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The scars over the hills of Jure village in Sindupalchok district, nearly 40 kms south of the Nepal’s capital Kathmandu, still remain visible as constant reminder of the devastating landslide on 2 August 2014. The disaster killed 145 people including 50 children and heavily damaged Jure, Itini and Kaguni villages.
“Being in the actual place of incident helps to capture the reality and makes a huge difference for preparing a story,” says BBC Nepali journalist Sita Mademba, who visited the location for the first time. She had covered the incident from her base station in Dharan municipality, 500 km southeast of the capital, and this was her first journey to Jure.
Journalist Sita Mademba interviews a local farmer in Sindhuli
Photo: Naresh Newar
Mademba and 18 other journalists from India and Nepal were on a six-day field visit organised by ICIMOD Koshi Basin Programme from 5-11 April 2016. They were also joined by team of ICIMOD experts led by Shahriar M. Wahid, coordinator of KBP, to provide any knowledge inputs for the journalists while traveling through the different ecological zones of the Koshi basin in five districts of Sindupalchok, Kavrepalanchowk, Sindhuli, Saptari and Mahottari.
The aim of the field visit was to show journalists how KBP was involved in the field through its research action for developing knowledge in partnership with government and local NGO partners on water-related issues through a river basin approach. The journalists would also get a get a hands-on and practical knowledge on critical issues linked to river basin.
“The journalists would also get a get a hands-on and practical knowledge on critical issues linked to river basin”
The first leg of our journey with journalists were in Jure village of Sindupalchok where they observed geohazard sites, particularly the impact of landslides and to understand how hydro-meteorological stations operated.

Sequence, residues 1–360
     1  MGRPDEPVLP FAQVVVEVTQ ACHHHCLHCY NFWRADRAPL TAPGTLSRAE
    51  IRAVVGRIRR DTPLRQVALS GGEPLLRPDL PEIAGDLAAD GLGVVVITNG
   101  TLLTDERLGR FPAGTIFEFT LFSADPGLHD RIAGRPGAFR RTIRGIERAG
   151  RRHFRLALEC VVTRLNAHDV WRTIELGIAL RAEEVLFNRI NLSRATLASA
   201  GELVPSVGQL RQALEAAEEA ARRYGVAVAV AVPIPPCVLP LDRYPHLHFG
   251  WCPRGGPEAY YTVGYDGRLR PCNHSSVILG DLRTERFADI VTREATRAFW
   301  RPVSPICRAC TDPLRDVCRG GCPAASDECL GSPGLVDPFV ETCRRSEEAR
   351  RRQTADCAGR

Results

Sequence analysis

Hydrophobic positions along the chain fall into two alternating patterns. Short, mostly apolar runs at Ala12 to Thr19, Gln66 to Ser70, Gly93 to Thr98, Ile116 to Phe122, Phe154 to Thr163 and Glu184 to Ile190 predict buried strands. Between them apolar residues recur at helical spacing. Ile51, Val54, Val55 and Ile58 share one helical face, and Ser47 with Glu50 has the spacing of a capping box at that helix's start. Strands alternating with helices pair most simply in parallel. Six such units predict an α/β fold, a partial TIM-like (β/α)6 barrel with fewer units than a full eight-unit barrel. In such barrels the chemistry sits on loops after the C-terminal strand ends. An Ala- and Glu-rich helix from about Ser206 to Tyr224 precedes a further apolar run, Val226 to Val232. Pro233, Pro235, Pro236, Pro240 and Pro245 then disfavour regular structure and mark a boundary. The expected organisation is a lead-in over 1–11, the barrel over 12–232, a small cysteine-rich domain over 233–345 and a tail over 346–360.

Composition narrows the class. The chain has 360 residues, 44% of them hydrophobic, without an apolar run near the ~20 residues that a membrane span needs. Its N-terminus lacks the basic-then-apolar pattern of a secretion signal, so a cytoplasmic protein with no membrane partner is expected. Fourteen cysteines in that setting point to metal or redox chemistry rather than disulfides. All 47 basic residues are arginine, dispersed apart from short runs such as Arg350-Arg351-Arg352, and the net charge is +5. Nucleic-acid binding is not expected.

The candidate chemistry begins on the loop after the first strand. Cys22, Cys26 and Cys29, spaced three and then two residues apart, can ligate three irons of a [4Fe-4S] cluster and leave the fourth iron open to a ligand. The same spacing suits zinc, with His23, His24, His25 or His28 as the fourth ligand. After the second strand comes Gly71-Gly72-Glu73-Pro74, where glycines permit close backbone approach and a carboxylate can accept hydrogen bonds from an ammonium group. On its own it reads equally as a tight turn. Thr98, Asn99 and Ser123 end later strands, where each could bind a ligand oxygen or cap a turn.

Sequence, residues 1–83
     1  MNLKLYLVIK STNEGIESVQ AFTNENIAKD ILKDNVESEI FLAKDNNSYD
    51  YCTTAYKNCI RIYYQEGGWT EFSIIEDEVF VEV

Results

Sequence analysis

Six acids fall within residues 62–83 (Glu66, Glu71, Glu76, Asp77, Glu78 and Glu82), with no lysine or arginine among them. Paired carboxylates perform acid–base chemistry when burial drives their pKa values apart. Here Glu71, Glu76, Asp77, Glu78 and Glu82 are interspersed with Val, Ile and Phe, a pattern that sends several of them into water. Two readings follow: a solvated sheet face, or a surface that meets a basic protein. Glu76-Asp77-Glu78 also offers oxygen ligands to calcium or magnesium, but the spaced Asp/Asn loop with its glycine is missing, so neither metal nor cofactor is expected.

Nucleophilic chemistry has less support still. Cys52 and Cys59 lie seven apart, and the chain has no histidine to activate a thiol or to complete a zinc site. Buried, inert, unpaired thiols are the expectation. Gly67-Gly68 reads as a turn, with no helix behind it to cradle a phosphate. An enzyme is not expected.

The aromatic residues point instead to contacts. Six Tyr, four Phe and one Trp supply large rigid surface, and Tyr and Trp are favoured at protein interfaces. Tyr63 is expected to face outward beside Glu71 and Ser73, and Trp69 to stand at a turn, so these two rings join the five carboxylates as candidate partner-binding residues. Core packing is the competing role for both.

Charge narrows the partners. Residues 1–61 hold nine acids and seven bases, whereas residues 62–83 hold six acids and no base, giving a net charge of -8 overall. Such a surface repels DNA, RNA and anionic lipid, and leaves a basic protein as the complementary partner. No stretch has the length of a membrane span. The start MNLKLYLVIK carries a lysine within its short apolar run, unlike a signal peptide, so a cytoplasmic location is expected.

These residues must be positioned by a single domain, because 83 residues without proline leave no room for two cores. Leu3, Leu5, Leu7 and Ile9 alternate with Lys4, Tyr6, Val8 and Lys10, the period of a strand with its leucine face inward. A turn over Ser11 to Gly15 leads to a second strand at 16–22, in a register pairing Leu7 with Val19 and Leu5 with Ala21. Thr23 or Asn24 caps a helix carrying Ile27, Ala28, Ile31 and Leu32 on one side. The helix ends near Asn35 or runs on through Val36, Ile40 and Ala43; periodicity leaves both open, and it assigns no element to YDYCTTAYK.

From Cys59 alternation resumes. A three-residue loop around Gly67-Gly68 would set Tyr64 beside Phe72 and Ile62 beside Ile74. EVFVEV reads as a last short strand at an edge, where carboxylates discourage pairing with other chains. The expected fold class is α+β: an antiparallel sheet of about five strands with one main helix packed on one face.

The next stop was in Daraune Pokhari village of Kavrepalanchowk district to show the importance of reviving spring ponds to address water scarcity in the midhills. Since 2013, ICIMOD KBP in partnership with Nepal Water Conservation Foundation (NWCF) has been involved in an action research project to improve understanding of springs and investigating ways of spring flow.
“I have covered stories related to Koshi basin but this field visit has helped me to get a new perspective about sustainable solutions,” said journalist Shobha Manandhar from Nepal Forum of Environment Journalists (NEFEJ), which runs a popular ‘Aankhi Jhyal’ environment-based television programme for which Manandhar has produced and reported several television episodes.
KBP Coordinator Shahriar M Wahid interviewed on the spot for his expert opinion.
Photo: Naresh Newar
Nearly 100 km south of Kavrepalanchowk, we drove along the highway to Sindhuli district to show the importance of linkages between upstream and downstream areas on managing water resources. Journalists were able to interact with local communities to hear their own perspectives on how water resources were managed locally.